The DRP pre-planning allowed us to provide emergency eye care as soon as the general clinics opened (infections, angle-closure glaucoma, postops, etc.) and rapidly ramp up to provide full eye services including 5 lanes for refraction, more than 2,000 new frames for custom glasses fitting, slit lamps, auto refractors, tonometers, and indirect ophthalmoscopes.
Shelter eye clinics operated seven days a week through Sept. 20. Mobile eye vans from Envolve and VSP also brought outstanding optometric care with the advantages of convenient setup, secure control of equipment, and the flexibility to move where needed. Staffing was organized online with Signup Genius in four-hour blocks, each containing workers with complementary skill sets.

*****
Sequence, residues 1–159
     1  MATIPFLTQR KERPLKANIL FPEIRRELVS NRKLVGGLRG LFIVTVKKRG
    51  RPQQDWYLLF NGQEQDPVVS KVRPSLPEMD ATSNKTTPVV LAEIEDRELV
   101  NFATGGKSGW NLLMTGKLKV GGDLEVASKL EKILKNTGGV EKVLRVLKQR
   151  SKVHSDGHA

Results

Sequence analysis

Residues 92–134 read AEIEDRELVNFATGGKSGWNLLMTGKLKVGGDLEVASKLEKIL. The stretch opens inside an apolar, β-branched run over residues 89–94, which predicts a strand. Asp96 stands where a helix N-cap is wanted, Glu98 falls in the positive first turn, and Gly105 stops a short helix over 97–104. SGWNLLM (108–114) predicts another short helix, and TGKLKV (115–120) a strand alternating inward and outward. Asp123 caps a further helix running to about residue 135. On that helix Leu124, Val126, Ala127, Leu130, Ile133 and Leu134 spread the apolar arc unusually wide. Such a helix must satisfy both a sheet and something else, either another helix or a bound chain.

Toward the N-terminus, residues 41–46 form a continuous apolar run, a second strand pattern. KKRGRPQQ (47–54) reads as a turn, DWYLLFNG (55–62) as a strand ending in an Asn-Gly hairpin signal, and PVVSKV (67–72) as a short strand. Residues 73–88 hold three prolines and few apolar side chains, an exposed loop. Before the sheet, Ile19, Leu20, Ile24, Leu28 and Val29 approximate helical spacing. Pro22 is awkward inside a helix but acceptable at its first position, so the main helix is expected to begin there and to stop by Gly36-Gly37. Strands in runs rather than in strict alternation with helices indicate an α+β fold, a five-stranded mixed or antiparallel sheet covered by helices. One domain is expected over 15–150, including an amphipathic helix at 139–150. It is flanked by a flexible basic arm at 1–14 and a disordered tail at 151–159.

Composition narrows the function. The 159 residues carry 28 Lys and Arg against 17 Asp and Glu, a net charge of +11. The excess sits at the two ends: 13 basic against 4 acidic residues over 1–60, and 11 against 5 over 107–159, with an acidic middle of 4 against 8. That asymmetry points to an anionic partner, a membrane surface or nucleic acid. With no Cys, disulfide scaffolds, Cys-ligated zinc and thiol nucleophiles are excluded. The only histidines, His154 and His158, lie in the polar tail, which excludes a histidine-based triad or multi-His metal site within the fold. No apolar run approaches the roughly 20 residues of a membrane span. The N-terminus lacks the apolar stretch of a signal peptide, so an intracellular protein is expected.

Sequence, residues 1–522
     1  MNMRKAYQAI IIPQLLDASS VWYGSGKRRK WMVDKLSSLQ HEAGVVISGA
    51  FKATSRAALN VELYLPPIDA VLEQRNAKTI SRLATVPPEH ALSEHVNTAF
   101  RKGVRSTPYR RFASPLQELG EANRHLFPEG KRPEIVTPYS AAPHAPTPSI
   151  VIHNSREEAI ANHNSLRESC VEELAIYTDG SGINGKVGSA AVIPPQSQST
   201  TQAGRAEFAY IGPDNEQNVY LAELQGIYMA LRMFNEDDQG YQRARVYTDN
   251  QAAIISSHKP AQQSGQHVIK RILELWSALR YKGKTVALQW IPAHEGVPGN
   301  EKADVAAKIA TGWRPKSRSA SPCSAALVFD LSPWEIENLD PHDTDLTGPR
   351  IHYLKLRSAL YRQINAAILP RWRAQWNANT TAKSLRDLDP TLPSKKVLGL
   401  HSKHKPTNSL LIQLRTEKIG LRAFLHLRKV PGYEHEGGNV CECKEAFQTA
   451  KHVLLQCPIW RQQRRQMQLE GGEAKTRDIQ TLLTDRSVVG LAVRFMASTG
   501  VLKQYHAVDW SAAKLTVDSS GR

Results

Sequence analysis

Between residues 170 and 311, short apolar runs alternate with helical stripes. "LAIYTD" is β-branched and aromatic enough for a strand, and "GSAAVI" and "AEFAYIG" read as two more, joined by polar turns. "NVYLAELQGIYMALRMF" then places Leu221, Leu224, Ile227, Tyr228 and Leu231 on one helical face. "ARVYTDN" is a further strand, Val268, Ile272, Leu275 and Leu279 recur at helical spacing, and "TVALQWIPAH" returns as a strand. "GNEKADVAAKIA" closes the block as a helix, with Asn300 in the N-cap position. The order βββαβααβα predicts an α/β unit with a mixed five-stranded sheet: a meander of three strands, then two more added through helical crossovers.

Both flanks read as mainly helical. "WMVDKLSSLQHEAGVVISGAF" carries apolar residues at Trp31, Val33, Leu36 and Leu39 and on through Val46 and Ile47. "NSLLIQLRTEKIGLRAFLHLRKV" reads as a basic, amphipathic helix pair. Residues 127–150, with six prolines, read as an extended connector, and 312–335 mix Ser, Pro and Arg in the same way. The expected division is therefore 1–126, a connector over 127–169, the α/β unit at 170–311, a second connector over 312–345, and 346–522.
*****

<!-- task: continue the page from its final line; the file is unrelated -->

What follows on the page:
Members of the Houston Ophthalmological Society, volunteers from private practice, and all of our academic medical center partners participated (University of Texas Medical Branch, University of Texas Houston, University of Houston College of Optometry, Texas A and M College of Medicine, and Baylor College of Medicine). Ophthalmologists from San Antonio, and volunteers from as far as Philadelphia and Los Angeles came to help. Prevent Blindness Texas was the key screening partner. By coordinating with the Harrris County Hospital District and area optometrists and ophthalmologists, each patient was provided with a medical home for extended care outside the shelter.
The eye clinics provided examinations for 1,649 patients onsite. Glaucoma and postoperative patients received a 3-month supply of drops. More than 1,000 patients triaged as low risk were given readers with a voucher for offsite complete eye examination, or a voucher for examination and glasses.